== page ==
These rules include the following:
— The guidance of this reform is the task of the hierarchy. "No
other person, not even a priest, may add, remove or change
anything in the liturgy on his own authority" (ibid., n, 22 § 3).
— Revision must take place only after "a careful investigation -
theological" (ibid., n. 23).
— "The general laws governing the structure and meaning of the liturgy
must be studied in conjunction with the experience derived from
recent liturgical reforms and from the indults granted to various
places" (ibid.): (this refers to reforms already initiated by the
pre-conciliar liturgical reform).
"There must be no innovations unless the good of the Church
genuinely and certainly requires them... [and] any new forms adopted
should in some way grow organically from forms already existing" (ibid.).
In the meantime, the Council also decreed the steps to take with regard
to the Eucharistic celebration and how to proceed (cf. ibid., n.
The Second Vatican Council intended to be very clear about the
gravity with which the process of reform was to be carried out. The
Council was convinced that the longed-for renewal of the Church, which set
out "to impart an ever increasing vigour to the Christian life of the
faithful" (ibid., n. 1) and for which it had been convoked, was in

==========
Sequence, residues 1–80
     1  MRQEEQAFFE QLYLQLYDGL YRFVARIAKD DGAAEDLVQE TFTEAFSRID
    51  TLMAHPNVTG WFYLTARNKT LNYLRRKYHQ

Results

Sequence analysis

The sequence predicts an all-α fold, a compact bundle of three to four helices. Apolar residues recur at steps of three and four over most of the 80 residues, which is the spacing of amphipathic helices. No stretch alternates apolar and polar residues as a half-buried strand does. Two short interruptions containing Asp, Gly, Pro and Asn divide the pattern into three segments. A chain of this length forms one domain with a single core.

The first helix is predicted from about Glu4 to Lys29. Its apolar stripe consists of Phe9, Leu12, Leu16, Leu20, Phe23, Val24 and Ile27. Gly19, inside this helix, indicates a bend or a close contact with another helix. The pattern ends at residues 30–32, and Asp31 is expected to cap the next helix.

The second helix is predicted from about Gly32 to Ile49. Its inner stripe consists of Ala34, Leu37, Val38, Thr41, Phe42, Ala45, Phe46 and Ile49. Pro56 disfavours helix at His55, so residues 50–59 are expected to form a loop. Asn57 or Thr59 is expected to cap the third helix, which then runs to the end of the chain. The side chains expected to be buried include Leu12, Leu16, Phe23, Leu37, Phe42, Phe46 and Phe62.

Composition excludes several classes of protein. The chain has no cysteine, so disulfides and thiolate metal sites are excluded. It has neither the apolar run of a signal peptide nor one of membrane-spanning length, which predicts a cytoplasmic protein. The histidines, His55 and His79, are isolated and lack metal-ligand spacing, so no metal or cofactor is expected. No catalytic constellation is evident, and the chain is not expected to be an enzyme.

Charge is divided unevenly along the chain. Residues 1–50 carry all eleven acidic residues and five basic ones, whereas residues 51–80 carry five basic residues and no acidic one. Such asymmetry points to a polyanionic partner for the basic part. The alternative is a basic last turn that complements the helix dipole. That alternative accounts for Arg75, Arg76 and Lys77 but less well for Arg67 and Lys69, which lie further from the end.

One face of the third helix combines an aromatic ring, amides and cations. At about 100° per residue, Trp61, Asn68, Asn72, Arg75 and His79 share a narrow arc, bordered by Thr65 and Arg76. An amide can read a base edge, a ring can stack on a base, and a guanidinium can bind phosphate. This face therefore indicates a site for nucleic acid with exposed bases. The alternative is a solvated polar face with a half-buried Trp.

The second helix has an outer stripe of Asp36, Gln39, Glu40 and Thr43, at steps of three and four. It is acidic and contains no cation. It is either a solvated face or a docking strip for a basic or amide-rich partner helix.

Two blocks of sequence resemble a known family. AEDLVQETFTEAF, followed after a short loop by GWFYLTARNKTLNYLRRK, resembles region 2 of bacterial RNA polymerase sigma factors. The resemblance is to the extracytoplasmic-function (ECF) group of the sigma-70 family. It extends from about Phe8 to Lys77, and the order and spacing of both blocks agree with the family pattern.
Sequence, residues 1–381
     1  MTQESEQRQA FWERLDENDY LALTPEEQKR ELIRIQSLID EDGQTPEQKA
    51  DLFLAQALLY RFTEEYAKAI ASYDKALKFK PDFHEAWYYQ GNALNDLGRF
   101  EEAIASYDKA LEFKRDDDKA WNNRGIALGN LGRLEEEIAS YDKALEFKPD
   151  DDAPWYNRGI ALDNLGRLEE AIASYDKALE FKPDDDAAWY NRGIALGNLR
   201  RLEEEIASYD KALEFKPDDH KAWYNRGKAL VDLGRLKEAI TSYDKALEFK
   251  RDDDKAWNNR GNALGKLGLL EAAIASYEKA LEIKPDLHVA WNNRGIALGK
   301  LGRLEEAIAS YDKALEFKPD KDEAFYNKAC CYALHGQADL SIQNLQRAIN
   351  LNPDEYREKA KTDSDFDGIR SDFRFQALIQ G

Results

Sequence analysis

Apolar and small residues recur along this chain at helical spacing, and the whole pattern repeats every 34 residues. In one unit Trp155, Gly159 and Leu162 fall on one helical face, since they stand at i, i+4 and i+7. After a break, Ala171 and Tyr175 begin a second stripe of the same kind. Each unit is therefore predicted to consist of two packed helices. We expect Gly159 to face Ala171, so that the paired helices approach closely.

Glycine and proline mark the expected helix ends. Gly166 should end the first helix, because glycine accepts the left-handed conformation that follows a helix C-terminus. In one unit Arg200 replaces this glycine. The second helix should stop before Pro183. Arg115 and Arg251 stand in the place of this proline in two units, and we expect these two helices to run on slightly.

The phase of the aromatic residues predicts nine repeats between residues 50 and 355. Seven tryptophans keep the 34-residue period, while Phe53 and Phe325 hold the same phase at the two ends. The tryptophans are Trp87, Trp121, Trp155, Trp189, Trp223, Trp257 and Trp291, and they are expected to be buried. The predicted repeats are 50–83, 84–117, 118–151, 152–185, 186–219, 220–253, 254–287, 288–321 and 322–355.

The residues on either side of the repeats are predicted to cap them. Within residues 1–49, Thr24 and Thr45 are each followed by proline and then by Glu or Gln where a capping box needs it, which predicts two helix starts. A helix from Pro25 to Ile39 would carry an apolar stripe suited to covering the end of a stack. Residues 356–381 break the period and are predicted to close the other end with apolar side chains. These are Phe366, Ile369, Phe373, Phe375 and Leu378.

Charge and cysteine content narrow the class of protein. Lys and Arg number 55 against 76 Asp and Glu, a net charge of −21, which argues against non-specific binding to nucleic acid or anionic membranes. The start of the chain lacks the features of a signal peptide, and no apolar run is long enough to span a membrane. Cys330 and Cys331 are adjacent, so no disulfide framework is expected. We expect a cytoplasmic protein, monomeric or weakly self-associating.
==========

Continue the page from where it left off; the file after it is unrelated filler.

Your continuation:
need of an effective liturgical reform.
The current situation regarding the liturgy
Forty years have passed since the promulgation of the Constitution on
the Sacred Liturgy, Sacrosanctum Concilium, on 4 December 1963. In
an appraisal of the ground covered by the post-conciliar liturgical
reform, we note that many "steps forward" have been taken.
Among them, I list the more conspicuous use of biblical texts in the
liturgy and the more active participation of the faithful in particular:
they now respond and take part in the various prayers and invocations,
they participate in the singing and in various readings, they understand
better what is happening on the altar, they use the vernacular and do not
behave as passive spectators,
Different local cultural elements have been introduced that contribute
to the inculturation and indigenization of the liturgy. Among the many